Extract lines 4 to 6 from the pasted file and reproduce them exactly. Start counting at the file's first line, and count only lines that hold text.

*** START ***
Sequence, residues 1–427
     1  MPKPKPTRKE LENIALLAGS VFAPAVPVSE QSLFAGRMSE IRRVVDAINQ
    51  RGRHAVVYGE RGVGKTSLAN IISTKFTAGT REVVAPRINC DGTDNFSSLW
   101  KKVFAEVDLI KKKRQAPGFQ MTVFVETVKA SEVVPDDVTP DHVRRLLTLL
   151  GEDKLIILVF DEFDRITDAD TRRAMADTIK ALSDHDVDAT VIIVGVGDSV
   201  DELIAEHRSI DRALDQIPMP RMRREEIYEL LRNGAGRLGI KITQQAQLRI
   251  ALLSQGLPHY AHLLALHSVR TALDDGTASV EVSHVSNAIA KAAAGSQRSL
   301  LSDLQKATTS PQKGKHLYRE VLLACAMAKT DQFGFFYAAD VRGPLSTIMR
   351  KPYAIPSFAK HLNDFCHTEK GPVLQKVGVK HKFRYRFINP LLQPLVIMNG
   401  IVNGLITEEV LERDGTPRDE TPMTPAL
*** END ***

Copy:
   101  KKVFAEVDLI KKKRQAPGFQ MTVFVETVKA SEVVPDDVTP DHVRRLLTLL
   151  GEDKLIILVF DEFDRITDAD TRRAMADTIK ALSDHDVDAT VIIVGVGDSV
   201  DELIAEHRSI DRALDQIPMP RMRREEIYEL LRNGAGRLGI KITQQAQLRI